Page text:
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Coaching Classroom Instruction

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A must-have resource for coaches, leaders, and teams, this book covers approaches for boosting professional growth and macrostrategies that are responsive to student needs. Learn how to offer targeted feedback to teachers, empowering them to identify how they can improve their knowledge and skill. Step-by-step guidelines will help teachers increase their performance on the 280 research-based strategies from Becoming a Reflective Teacher.

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Introduction: The History of Standards-Based Education in the United States

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The discussion of standards is not new. As explained by Robert Marzano and Mark Haystead (2008), awareness of the need for national standards in the United States dates back to 1989, when President George H. W. Bush met with governors at an Education Summit in Charlottesville, Virginia. The group adopted six education goals for the nation, one of which was that “all children will leave grades four, eight, and twelve having demonstrated competency in challenging subject matter” (Rothman, 2011, p. 30). Two groups were subsequently formed to facilitate the implementation of these goals: the National Education Goals Panel and the National Council on Education Standards and Testing.

Recognizing that the federal government did not have the expertise internally to identify what students needed to know and be able to do in each content area, the Bush administration issued grants to subject-matter organizations to develop standards in their content areas. The first organization to develop standards was the National Council of Teachers of Mathematics (NCTM), whose standards identified “what it means to be mathematically literate . . . in a world where mathematics is rapidly growing and is extensively being applied to diverse fields” (NCTM, 1989, p. 1). In 1989 (six months before President Bush’s Education Summit), NCTM published Curriculum and Evaluation Standards for School Mathematics, which specified the math knowledge and skills that students should know and be able to do by the end of grades 2, 5, 8, and 12. According to Robert Rothman (2011):

 

Part I: Applying the Common Core State Standards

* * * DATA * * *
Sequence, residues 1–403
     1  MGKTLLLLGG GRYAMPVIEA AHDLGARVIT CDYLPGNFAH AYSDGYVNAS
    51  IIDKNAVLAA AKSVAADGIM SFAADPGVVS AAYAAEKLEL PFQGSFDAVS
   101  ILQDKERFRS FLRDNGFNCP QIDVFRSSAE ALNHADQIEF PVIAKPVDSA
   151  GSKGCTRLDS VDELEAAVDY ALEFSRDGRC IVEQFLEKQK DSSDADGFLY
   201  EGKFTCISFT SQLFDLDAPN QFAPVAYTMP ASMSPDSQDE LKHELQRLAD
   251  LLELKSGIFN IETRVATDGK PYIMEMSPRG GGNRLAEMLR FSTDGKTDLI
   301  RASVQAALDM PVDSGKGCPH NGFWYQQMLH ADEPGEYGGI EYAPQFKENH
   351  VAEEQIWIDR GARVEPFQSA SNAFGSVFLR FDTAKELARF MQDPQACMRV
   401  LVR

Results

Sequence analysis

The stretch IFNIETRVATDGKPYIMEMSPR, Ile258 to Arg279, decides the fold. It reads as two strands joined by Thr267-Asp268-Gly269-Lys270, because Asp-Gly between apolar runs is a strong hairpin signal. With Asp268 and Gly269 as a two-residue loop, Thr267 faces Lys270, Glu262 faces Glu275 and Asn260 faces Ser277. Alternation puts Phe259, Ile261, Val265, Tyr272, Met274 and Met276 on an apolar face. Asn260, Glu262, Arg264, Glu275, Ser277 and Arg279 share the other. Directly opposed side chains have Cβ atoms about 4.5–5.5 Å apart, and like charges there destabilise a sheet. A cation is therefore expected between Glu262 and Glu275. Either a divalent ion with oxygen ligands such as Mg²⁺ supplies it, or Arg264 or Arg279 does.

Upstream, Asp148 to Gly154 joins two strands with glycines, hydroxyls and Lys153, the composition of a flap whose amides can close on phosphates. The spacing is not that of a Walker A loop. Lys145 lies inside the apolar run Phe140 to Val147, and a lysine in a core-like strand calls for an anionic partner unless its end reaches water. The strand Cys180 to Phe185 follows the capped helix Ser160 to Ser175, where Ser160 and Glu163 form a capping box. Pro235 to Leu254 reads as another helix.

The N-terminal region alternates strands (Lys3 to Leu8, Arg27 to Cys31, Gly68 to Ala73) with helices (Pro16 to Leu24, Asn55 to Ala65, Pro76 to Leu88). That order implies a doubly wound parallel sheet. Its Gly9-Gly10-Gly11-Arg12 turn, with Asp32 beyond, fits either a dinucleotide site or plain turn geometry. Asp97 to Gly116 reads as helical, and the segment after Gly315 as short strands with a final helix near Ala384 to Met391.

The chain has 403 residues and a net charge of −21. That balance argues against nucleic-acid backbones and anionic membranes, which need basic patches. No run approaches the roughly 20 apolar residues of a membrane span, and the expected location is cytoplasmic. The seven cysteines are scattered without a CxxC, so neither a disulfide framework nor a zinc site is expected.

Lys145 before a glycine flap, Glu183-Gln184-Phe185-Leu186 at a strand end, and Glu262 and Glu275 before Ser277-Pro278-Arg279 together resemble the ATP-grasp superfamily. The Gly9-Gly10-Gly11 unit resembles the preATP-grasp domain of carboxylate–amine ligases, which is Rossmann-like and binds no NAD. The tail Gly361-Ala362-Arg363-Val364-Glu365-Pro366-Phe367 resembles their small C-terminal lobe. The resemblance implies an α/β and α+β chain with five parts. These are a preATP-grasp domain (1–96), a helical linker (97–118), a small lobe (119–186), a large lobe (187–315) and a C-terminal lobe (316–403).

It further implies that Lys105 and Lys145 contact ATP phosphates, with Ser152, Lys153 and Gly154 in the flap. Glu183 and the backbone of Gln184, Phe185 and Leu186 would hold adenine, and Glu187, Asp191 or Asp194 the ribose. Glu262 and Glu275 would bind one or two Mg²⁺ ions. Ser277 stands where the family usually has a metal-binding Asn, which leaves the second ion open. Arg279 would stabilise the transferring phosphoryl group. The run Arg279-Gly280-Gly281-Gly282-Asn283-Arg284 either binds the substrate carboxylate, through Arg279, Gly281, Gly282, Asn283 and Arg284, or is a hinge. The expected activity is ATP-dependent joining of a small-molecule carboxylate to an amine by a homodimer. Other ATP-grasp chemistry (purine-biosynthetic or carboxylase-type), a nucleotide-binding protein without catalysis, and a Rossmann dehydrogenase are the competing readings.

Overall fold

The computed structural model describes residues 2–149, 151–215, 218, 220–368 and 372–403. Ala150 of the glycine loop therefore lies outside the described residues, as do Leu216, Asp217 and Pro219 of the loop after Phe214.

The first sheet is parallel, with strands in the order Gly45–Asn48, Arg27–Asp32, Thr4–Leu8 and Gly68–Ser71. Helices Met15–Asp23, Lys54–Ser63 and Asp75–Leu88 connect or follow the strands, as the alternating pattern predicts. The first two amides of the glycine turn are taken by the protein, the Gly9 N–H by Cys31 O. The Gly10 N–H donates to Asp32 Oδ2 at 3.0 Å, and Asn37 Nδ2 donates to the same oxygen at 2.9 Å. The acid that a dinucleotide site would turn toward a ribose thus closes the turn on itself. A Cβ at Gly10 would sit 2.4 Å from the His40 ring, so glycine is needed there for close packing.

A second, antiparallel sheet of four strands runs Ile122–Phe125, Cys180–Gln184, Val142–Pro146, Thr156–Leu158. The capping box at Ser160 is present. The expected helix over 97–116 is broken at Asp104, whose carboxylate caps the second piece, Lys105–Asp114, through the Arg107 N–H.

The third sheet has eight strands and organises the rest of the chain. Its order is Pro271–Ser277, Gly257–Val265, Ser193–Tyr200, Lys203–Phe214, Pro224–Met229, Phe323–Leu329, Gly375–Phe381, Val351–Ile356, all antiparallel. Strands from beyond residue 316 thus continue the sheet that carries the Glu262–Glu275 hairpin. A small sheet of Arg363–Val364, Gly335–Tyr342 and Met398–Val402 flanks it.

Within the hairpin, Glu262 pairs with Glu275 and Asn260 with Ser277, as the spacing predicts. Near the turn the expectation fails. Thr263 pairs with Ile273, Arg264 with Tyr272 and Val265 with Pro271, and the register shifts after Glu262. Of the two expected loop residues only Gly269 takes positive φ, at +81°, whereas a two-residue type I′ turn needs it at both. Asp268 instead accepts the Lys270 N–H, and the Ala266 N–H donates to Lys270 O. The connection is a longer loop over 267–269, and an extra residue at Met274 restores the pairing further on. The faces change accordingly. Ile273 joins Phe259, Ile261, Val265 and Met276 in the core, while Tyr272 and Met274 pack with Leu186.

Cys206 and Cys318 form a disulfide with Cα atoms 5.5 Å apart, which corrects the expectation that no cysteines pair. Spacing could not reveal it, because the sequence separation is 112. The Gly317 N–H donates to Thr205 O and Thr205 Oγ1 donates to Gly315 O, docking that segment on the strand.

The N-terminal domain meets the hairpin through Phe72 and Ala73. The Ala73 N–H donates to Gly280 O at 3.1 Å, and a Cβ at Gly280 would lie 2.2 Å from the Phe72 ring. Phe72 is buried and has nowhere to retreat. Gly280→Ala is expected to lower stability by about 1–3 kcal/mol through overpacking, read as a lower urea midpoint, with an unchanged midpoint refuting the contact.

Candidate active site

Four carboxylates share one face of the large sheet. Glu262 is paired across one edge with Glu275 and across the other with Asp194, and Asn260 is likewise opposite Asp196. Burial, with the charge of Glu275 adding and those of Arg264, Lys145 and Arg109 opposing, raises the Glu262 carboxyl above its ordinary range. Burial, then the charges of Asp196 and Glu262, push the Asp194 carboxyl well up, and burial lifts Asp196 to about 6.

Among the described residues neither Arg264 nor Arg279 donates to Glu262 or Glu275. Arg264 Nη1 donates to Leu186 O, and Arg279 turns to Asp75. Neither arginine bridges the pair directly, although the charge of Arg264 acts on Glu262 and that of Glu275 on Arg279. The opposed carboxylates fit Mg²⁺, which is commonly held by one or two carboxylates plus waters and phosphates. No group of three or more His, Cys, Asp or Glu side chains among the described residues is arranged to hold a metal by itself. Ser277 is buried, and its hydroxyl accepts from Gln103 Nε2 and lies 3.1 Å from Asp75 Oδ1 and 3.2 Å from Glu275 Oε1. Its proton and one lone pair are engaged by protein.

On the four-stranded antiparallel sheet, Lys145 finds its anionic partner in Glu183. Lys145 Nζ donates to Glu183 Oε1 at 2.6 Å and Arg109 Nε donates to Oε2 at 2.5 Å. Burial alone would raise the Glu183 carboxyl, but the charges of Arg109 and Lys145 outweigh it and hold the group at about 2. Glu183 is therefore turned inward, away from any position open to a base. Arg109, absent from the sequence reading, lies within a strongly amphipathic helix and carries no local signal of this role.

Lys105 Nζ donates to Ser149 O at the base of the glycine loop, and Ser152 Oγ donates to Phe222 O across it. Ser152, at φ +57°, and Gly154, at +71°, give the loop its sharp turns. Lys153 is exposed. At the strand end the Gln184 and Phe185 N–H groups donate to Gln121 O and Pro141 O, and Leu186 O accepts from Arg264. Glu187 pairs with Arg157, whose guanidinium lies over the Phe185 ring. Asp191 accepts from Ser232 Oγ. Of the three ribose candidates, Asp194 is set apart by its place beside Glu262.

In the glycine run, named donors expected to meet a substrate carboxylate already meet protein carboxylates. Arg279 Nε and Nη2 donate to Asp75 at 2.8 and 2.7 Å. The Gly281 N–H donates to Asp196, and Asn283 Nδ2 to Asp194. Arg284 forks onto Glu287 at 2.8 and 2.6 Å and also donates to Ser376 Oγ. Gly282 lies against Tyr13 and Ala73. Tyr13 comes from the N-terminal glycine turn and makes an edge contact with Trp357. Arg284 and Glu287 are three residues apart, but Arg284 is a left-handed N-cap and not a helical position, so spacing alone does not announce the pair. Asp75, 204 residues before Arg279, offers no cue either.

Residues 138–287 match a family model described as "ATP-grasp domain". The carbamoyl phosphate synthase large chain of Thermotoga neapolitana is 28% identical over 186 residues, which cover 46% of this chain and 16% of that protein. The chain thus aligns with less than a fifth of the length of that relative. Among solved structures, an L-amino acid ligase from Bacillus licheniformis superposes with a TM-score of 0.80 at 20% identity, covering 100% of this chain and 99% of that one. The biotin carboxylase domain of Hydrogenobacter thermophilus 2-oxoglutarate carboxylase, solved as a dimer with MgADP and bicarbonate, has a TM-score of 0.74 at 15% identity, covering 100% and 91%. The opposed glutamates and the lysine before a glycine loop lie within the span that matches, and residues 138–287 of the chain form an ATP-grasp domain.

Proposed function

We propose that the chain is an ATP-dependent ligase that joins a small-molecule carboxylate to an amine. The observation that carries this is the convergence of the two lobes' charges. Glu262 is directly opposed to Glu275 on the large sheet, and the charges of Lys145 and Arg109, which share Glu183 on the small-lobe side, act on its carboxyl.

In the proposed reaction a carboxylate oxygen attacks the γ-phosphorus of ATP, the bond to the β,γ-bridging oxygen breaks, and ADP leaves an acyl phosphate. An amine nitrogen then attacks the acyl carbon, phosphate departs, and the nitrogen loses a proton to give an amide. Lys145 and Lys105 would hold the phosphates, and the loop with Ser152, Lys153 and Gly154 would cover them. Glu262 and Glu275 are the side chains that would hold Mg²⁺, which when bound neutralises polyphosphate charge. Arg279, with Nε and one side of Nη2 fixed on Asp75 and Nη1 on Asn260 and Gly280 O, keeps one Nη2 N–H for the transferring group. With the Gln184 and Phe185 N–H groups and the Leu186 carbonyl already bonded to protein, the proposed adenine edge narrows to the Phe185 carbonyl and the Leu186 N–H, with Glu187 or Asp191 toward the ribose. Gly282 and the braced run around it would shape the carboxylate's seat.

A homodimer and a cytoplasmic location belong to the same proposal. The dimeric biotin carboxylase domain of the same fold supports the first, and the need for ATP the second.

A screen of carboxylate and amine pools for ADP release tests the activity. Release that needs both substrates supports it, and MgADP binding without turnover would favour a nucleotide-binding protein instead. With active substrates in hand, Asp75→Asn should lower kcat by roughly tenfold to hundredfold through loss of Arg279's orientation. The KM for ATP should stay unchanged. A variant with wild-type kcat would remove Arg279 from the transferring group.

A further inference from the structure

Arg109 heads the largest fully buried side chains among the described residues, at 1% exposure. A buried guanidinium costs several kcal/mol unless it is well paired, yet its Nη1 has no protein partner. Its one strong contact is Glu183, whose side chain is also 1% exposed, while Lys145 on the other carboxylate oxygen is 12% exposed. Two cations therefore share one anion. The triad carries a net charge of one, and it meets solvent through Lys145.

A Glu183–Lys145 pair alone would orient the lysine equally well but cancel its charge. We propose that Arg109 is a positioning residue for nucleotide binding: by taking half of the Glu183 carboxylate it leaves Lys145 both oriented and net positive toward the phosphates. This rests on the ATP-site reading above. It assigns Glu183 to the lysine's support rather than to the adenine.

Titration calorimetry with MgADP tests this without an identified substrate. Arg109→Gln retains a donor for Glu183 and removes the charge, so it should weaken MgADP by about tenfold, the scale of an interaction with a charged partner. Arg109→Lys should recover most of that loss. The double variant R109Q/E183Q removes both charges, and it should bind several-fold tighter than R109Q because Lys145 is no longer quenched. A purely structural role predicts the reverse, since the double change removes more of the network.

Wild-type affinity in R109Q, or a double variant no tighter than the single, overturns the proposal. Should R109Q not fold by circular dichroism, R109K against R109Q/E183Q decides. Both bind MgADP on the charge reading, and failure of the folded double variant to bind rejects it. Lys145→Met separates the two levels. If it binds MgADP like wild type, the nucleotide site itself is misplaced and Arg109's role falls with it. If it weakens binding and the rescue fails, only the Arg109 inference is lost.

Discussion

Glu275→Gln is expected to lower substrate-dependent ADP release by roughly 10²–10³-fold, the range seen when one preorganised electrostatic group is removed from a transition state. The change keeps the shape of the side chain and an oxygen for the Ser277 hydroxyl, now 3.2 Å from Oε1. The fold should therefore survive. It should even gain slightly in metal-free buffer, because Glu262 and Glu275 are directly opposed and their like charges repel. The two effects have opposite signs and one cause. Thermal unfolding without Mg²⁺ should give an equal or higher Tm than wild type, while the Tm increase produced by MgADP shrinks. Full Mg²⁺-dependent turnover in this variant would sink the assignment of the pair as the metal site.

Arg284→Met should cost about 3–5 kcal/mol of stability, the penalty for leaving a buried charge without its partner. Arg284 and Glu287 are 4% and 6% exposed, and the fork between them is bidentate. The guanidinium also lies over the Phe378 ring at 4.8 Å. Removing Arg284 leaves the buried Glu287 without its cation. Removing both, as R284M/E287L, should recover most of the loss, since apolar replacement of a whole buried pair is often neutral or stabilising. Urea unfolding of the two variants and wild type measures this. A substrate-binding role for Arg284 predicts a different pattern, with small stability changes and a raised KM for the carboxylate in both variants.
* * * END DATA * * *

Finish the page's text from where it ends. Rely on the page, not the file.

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As the authors of the Common Core State Standards (CCSS) in English language arts and mathematics sought to define what students needed to know and be able to do in the 21st century, they found themselves confronted with two broad categories of knowledge and skills. One of these categories (which we label content standards) involves relatively concrete knowledge and skills, such as “ask and answer questions about key details in a text” (NGA & CCSSO, 2010a, p. 11) or “solve word problems that call for addition of three whole numbers whose sum is less than or equal to 20” (NGA & CCSSO, 2010d, p. 15). The other category (which we label practice standards) involves relatively abstract skills, such as “students are engaged and open-minded—but discerning—readers and listeners” (NGA & CCSSO, 2010a, p. 7) or “students try to communicate precisely to others” (NGA & CCSSO, 2010d, p. 7). To their credit, the authors of the CCSS included both categories of knowledge and skills in their set of standards.

 

Part II: Scoring the Common Core State Standards

ePub

MRL’s scales for the Common Core State Standards were designed to include all of the ELA standards from the CCSS. Here we include several notes about MRL’s scales for the ELA CCSS that may interest teachers and readers.

In some cases, the CCSS present substandards for an overarching standard. For example, the overarching Writing standard W.6.1 has five substandards, labeled using a, b, c, d, and e. In cases like this, MRL used one of two approaches: we either included (1) both the overarching standard and the substandards (if the overarching standard contains additional information) or (2) the substandards but not the overarching standard (if the overarching standard does not contain additional information).

MRL created a single set of Reading measurement topics that includes standards from Reading Literature and Reading Informational Text.

Writing standards 9 and 10 are not included in MRL’s scales because our analysis found them to be more focused on instructional guidance rather than specific ELA content. In other words, Writing standards 9 and 10 give teachers guidance about how to structure lessons and combine content rather than specifying what students should know or be able to do as a result of instruction.

 

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